A snapshot of King and John in the 1970s and 1980s
If you were to stand at the intersection of King and John 55 years ago, chances are you would spot a Canadian Pacific locomotive before you would find gourmet meal. In the early 1960s, the strip was a unglamourous collection of railway sidings and factories that, at its heart, boasted an Esso station with "the world's finest car wash."
The turning point for the neighbourhood came in 1962, when "Honest" Ed Mirvish bought the run down Royal Alexandra Theatre for $215,000 in cash. "My wife, Anne, and son, David, had always loved theatre," he wrote in 1993. "I had always loved a bargain. The Alex looked like something we could go together with."
In total, the family spent more than twice the purchase price of the theatre on renovations, and re-opened in 1963 with a production of Never Too Late, a comedy about a middle aged woman's accidental pregnancy that was later turned into a movie.
During the 60s and 70s, the Mirvish family came to dominate the north side of the street, west of Simcoe, buying up run down factories and warehouses, painting them white, and turning them into cheap and cheerful restaurants to feed the Alex's customers.
The Princess of Wales Theatre arrived in 1993 and, in 2010, the TIFF Lightbox completed King Street's transformation from industrial wasteland to Toronto's ritzy theatre district.
Here's look back at King and John during its formative years.
Farb's Car Wash, the future site of the TIFF Lightbox, in October, 1982. Farb's was last owned by Leslie Reitman, father and grandfather to filmmakers Ivan and Jason Reitman. The family and the Daniels Corporation donated the land to TIFF in 2003 and the new building opened in 2010.
"I washed my '63 Chevy at the Farb's Car Wash many times," Dan Aykroyd told Ivan Reitman, who directed Ghostbusters, at a ceremony celebrating the naming of Reitman Square.
The Seaway Restaurant (pictured at the top of the page) was at the southwest corner of King and John in 1973. 10 years later, the building was boarded up. The name clearly caused confusion. "What is the Seaway restaurant doing at King and John?," a confused reader asked the Globe and Mail in 1956. The building has since lost is cyan accents and now hosts a Second Cup coffee shop.
"When we bought the Alex [in 1962,] the area was still dingy," Ed Mirvish recalled in 1993. "I knew it would turn off audiences, unless we tried to clean it up ... fortunately we were able to buy two blocks of factories and warehouses to the immediate west. We painted them white, crammed them with antiques, and turned them into restaurants that are almost always packed."
As historian Jamie Bradburn recalls, Mirvish's restaurant empire peaked in the 1970s with Old Ed's (seen here, which initially employed waiters over 65,) Ed's Folly, Ed's Italian, Ed's Seafood, and Most Honourable Ed's Chinese. The last of the bunch closed in 2000.
East on King at John in June, 1981. La Cantinetta restaurant in the Eclipse White Wear Building opened in 1973 and was apparently somewhat lacklustre early on. "The nine ... dinners read better than they taste. Service is efficient but lacking in sensitivity," critic Joanne Kates wrote in the Globe and Mail in 1975.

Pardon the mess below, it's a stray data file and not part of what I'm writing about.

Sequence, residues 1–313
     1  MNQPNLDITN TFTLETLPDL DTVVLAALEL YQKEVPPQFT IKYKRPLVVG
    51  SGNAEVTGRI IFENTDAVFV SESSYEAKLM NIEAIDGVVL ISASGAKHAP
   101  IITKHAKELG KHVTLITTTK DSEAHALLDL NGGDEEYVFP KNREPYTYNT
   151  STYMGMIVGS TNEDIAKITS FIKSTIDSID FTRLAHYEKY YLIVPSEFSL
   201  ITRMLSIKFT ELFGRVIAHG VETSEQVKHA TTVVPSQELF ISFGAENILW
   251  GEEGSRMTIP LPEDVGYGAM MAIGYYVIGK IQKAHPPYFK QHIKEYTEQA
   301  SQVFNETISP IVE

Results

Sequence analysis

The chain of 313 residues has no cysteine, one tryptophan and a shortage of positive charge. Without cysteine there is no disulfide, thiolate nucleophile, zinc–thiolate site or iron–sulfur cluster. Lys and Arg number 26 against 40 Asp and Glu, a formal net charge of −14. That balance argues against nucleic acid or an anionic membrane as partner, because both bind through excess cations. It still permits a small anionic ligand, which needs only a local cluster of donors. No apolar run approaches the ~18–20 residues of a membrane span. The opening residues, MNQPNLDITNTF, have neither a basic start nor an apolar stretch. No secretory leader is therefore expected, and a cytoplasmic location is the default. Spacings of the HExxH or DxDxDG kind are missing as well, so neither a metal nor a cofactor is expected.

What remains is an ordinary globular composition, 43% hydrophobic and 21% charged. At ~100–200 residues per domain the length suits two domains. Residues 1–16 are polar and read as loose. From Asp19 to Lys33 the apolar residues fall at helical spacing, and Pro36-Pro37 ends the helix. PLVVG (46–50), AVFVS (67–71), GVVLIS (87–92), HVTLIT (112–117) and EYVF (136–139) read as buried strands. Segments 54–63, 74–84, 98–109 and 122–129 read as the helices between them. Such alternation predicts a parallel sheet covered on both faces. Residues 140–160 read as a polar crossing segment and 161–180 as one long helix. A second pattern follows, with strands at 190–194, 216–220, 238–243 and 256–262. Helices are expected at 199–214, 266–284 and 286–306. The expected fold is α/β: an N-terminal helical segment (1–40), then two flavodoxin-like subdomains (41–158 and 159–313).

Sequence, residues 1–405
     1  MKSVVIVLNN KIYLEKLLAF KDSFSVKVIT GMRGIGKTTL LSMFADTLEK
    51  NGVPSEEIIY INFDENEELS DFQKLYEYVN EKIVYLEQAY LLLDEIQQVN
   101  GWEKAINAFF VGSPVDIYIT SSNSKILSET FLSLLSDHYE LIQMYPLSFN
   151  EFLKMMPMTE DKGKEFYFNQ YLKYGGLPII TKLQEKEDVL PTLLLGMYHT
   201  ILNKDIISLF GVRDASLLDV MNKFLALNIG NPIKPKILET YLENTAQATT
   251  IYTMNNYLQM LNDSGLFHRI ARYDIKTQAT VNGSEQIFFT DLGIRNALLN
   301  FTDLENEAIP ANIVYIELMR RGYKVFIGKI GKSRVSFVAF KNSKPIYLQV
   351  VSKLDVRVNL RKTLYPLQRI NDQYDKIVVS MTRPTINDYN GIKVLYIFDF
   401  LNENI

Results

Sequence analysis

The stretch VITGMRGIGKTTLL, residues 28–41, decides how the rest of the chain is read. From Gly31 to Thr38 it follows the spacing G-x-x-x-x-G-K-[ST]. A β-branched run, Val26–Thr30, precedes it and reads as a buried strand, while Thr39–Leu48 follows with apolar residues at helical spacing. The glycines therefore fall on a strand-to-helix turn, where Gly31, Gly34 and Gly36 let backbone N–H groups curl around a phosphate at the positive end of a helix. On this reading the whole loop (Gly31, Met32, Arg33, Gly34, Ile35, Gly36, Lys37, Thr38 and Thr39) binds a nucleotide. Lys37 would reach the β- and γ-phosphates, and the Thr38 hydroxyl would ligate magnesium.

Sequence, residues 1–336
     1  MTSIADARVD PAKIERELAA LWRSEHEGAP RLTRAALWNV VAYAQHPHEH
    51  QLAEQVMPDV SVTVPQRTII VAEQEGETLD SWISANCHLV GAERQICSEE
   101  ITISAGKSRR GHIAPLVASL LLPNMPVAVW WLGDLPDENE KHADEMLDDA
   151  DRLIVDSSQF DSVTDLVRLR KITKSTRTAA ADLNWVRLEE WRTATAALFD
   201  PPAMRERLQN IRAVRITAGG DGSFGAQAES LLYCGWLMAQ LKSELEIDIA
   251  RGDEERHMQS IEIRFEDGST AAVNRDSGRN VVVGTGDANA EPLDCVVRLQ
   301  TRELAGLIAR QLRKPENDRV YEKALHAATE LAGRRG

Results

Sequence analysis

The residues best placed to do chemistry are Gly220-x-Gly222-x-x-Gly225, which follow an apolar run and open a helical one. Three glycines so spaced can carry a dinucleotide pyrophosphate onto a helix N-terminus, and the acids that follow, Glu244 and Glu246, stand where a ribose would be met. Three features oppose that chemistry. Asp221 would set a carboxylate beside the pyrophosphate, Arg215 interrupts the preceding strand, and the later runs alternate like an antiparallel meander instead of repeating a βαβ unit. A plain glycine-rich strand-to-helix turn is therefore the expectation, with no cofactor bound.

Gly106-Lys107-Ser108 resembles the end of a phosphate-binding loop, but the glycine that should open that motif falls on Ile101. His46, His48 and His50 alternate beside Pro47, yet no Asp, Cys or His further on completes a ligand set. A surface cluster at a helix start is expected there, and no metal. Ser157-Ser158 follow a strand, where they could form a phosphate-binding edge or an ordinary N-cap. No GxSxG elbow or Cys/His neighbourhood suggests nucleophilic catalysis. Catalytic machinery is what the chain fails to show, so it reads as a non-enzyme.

The name, which means "cellar," was borrowed from the name of a first floor restaurant in the Palazzo Antinoni in Firenze. The restaurant space is now home to a sports memorabilia store.
The future site of the Princess of Wales Theatre in May, 1984. The theatre opened with a production of Miss Saigon on May 14, 1993, exactly 30 years after "Honest" Ed Mirvish reopened the Royal Alex and precisely 10 after his restoration of the Old Vic in London.
Initially, Mirvish planned to host the show in the empty lot. "I thought we could put a temporary theatre on it to stage the show, then pull it down when it ended," he wrote in 1993.
A bleak laneway scene southwest of King and John in 1984. The building on the right of the frame is at the southeast corner of the intersection. It was cleared a short time later for construction of Metro Hall. A condo building at 24 Mercer currently occupies the location where this photo was taken. In '84, it was a parking lot.
Du Verre Stained Glass stands next to the boarded up Seaway Restaurant in 1983. The former was opened in 1982 by Gina Lubin and it employed several freelance designers who produced original pieces of stained glass. Budding glass artists could also take lessons there. Du Verre had closed by the mid-1990s and the premises is now occupied by Pearl King.
East on King towards downtown. The streetcar in this picture was given a blue and yellow livery in 1984 to celebrate Ontario's bicentennial (never mind that Upper Canada, the precursor to Ontario, wasn't formed until 1791 and the province itself wasn't established until 1867.)
Even the guts around the wheels were painted. The design on the side showed the Ontario parliament building and various figures. It said "Happy Birthday, Ontario" near the top.
Restaurant row on the south side of King some time between 1995 and 1998. Kit Kat (the one with the cow sticking out of it) opened in 1993 and Hey Lucy followed shortly after in 1995. Kit Kat owner Al Carbone told the Toronto Star he was the "unofficial mayor of the neighbourhood" in 1993 as part of a feature about the newfound popularity of King West.
Chris Bateman is a staff writer at blogTO. Follow him on Twitter at @chrisbateman.
Images: City of Toronto Archives (as marked.)
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